'My one wish is that my Aiel has gift of education'
We must fight for the children, says Laura Whitmore
Published 18/10/2015 | 02:30
I feel lucky. Blessed. And it's not because I have what many consider a glamorous job in TV that allows me to travel the world, I feel lucky because I received the great gift of education. I have access to that most basic human need - clean water. I have a safe place to sleep.
Million of girls around the world are not so lucky.
I feel ashamed that I once took the great gifts I have received for granted
As a nation we are generous. We do have a natural empathy with those in need. More than 6,000 people sponsor children in developing countries through the charity Plan International Ireland. I am one of them.
Six years ago, I was sitting in the MTV studio in London when a girl in the office handed me a brochure for a campaign by Plan called 'Because I am a Girl'. It contained the bleak statistic that 62 million girls around the world are out of school. There are places in the world where you can't access education ... because you are a girl.
That month I started sponsoring a little girl called Aiel Joy who lives on Daram Island in the Philippines. Aiel is now 11 and last week I met her for the first time.
Aiel and I have exchanged letters over the years and I had planned to visit in early January, 2014, to fully understand the work of the charity and get to see this little girl and her way of life.
But on November 8, 2013, Typhoon Haiyan - known as Typhoon Yolanda in the Philippines - made landfall in the central Philippines, bringing strong winds and heavy rain resulting in flooding and landslides, creating mass devastation.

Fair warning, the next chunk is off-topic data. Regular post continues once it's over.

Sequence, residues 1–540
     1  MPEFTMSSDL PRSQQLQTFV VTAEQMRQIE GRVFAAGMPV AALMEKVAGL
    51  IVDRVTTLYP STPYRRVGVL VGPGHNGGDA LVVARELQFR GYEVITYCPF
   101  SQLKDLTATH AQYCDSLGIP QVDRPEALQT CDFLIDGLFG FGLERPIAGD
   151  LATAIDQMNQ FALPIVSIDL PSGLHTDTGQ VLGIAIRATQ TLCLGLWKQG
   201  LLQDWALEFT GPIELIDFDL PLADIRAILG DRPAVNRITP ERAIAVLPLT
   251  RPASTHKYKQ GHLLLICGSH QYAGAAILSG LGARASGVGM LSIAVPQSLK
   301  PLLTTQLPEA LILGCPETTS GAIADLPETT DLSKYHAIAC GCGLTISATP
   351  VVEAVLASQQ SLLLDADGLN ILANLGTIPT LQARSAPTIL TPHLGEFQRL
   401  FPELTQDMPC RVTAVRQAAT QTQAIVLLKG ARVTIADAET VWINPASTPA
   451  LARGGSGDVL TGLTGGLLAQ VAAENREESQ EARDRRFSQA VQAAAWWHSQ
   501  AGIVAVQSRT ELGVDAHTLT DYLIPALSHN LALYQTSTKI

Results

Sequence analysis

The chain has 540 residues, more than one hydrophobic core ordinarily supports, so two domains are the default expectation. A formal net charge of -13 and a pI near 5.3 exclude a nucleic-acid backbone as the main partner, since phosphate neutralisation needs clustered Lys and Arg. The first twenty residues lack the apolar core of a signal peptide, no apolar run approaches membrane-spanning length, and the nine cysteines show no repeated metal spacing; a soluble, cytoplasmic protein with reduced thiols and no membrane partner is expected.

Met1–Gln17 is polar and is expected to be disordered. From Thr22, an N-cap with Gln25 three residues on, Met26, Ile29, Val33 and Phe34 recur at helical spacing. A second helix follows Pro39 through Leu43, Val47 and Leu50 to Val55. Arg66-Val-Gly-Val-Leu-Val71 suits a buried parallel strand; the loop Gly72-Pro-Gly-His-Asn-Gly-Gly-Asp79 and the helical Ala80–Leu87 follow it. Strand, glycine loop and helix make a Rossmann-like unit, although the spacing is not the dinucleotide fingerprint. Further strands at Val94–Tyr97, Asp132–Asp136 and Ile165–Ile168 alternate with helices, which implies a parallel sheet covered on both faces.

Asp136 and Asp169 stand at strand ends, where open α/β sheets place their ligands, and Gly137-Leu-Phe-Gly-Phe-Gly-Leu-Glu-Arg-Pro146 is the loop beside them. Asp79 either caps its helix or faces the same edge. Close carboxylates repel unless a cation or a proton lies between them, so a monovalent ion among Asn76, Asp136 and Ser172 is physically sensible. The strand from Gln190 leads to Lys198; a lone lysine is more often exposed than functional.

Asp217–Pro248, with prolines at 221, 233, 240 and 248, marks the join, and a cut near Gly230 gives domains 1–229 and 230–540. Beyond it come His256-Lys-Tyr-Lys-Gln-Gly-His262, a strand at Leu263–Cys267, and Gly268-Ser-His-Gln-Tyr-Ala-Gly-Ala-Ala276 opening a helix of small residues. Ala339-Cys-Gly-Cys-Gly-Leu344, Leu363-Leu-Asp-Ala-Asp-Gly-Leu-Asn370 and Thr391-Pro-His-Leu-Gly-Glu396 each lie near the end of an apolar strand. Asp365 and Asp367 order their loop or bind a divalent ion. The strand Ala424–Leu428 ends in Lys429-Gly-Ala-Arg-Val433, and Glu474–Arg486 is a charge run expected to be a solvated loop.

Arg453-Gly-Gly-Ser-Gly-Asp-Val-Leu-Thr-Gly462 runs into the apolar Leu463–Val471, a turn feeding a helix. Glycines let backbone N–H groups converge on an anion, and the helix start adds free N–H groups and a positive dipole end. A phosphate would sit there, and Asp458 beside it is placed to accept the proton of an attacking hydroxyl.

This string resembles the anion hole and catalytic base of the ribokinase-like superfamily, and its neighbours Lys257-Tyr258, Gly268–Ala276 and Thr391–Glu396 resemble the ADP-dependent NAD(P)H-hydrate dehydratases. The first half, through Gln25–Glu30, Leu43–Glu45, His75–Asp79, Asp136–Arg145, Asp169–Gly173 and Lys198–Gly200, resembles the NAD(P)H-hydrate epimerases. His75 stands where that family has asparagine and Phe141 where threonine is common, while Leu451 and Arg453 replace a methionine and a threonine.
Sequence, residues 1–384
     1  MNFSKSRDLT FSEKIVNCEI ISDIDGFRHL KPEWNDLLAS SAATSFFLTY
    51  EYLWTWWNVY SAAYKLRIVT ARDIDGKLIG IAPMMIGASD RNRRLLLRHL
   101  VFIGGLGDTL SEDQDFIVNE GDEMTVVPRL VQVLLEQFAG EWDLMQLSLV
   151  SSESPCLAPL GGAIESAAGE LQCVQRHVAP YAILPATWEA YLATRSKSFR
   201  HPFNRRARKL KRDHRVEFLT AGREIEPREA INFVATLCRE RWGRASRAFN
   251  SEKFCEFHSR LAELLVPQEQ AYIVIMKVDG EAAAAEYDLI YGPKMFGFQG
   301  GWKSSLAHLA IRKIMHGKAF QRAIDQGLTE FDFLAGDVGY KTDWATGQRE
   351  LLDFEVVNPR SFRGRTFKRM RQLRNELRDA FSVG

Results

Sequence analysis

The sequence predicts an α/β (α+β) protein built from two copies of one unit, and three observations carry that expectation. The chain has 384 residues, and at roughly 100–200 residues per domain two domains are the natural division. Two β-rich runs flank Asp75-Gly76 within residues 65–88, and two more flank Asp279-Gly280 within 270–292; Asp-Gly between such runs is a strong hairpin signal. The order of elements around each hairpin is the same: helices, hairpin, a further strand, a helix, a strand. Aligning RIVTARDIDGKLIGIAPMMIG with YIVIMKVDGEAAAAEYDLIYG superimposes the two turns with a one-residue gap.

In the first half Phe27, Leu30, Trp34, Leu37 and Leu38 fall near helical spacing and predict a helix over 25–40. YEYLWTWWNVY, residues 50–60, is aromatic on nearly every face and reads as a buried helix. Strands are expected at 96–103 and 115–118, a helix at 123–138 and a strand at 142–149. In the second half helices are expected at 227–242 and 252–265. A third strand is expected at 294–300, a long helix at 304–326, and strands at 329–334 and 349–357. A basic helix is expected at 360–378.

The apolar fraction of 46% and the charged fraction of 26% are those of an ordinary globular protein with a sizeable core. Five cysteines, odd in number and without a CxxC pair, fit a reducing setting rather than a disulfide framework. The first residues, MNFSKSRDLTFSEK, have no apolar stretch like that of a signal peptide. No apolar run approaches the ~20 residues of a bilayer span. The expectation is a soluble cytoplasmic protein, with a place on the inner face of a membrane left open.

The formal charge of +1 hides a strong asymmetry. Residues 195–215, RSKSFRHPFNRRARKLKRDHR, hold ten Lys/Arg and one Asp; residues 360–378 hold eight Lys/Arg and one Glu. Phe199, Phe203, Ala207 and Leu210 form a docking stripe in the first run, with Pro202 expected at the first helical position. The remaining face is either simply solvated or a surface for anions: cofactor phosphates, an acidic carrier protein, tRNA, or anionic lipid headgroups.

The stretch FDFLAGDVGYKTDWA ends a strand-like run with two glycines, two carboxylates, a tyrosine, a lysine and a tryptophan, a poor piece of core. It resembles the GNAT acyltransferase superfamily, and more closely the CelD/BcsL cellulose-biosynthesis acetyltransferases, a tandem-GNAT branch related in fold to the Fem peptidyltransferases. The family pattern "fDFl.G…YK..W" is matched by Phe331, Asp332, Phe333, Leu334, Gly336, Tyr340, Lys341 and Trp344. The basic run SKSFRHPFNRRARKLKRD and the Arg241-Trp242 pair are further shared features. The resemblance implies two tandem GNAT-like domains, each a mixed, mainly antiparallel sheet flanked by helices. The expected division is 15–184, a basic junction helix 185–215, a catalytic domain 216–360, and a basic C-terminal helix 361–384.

Aiel's home was swept away. Thankfully Aiel's family, including her seven brothers and sisters were able to evacuate in time. Though not everyone in the area was as fortunate.
Almost two years on and I am on a boat with my mother Carmel travelling from Catbologan to Daram. At last I am about to meet Aiel.
We are greeted by her mother Lisa and what seems to be the entire village. I recognise Aiel immediately from the photo I've had on my mantelpiece for the past 6 years. She's in her school uniform and presents me with a garland of yellow flowers. We have lunch at her school and I try my best to open up the local crab. Aiel calmly, and like a pro, places the crab between her palm and opens it as you would a purse. I attempt the same and it slips out of hand and splatters my shirt. She giggles.
Aiel turns 12 next month. She likes music and badminton. Her favourite colour is pink. Electricity is hit and miss in her small tin-roofed home re-built in the aftermath of the Typhoon.
It remains flimsy.
Plan is the only NGO working on this island focusing on the poorest of the poor and ensuring all children have the opportunity to go to school. 100 children are sponsored here.
There are health issues due to sanitation problems. One midwife looks after six villages. I meet and spend time with heavily pregnant Ivy who is about to have her first baby. I find out after a few minutes she is in labour but is glad to talk to me as it's a distraction from her contractions.
Plan funded the health centre we are in and provides training to community health workers who assist. I've since learned Ivy had a healthy little boy and is doing very well.
I only spent one day with Aiel and her family but was overwhelmed by the pride her family and friends have because she is sponsored; that there is someone else who wants her to stay in school.